Two academics at Edge Hill University will lead and influence a new global environmental agenda to explore behaviour change in relation to sustainability and climate change.
Due to their expertise in the field, Professor Geoff Beattie from the Department of Psychology and Dr Laura McGuire, Faculty of Education, have been invited to sit on the prestigious new steering committee hosted by the United Nations Environment Programme in Paris – the leading global environmental authority setting the agenda for sustainable development.
They will be members of the new International Panel on Behaviour Change (IPBC), set up to explore behaviour change in relation to sustainability.
Professor Beattie said: “I’m clearly excited by all of this. Since I came to Edge Hill University, I’ve argued consistently that, when it comes to climate change, people are the main problem and the principal conduit for meaningful action.
“This new UN group will be an incredible vehicle to promote change in this domain. It gives us such an opportunity to do good.”
As part of their wider mission to encourage people to think about their actions in relation to protecting the planet, Geoff and Laura discussed the topic of behaviour change and the psychology of climate change at a special Institute for Social Responsibility knowledge-exchange event entitled ‘Sustainability in the Region’ which took place on Wednesday 6 November.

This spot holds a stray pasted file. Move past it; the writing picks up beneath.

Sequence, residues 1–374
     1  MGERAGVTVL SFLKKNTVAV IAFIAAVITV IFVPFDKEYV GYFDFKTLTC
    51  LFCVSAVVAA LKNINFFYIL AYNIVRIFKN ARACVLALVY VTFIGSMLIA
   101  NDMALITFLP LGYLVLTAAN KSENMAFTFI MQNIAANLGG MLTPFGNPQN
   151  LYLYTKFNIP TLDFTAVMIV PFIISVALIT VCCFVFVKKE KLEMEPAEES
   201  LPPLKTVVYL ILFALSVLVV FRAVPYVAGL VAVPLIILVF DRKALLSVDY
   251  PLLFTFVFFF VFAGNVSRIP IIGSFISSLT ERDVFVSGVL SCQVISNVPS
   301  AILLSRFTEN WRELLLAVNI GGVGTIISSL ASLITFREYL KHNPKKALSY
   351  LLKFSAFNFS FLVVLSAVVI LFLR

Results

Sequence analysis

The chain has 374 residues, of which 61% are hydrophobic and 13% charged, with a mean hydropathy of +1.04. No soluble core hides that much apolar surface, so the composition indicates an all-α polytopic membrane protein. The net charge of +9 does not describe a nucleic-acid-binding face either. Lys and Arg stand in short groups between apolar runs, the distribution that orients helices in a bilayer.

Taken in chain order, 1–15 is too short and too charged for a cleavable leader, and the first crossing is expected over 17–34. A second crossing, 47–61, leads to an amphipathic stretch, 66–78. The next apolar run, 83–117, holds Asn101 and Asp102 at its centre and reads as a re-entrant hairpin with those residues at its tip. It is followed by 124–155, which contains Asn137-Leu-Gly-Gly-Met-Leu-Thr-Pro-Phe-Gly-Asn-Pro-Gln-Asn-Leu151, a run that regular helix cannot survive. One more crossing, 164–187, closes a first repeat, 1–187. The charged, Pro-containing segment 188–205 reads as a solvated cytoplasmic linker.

They also hosted an interactive psychological test booth which gave an insight into test-takers’ real responses to carbon consumption by tracking their eye movements and challenging their implicit attitudes to images of carbon consumption.
Geoff added: “It’s a fun demonstration of our research but it can reveal some uncomfortable truths.
“Everyone knows about climate change and most of us would say we really care and want to make a positive change but our implicit attitudes, which can be affected by cost for example, often suggest the opposite.
“People just don’t seem to be getting the message, despite people like Greta Thunberg and movements like Extinction Rebellion.
“A lot of that is to do with personal vulnerability and optimism bias; we can’t accept the fact that it could happen to us, we think it’s a problem for future generations or other countries.”
The organisation of the Sustainability in the Region event was led by renewable energy expert Professor Christopher Dent from the Business School with the help of a wide-ranging team of Edge Hill University staff.
A number of informative talks were given on the holistic, interconnected nature of sustainability, including Prof John Sandars’ discussion of Developing Sustainable Communities for Sustainable Improvement in Health and Professor Paul Aplin’s talk on Where’s the Swamp Gone for Peat’s Sake? Palm Oil Sustainability in Malaysia’s Tropical Forest and Councillor Adrian Owens of Our West Lancashire who considered Community Leadership for Sustainability – How the Borough Council Can be a Force for Positive Change.
Representatives from the 2030 Hub, Chamber Low Carbon, Northwest Ecological Trust, The Bike Works and Liverpool World Centre also spoke.
Display stalls included Action for Refugees, SDG Network, Burscough Community Farm, Ecobricks, DS Smith Recycle Packaging, My Life, Leigh Film Society, Ormskirk and Skelmersdale food banks, and West Lancashire Borough Council Ranger Service, with lunch provided by Junk Food Café, an ethical social enterprise.
The Sustainability in the Region event was part of a wider Health, Safety and Environmental Policy in place at Edge Hill University as part of its commitment to managing the environmental impacts of its activities.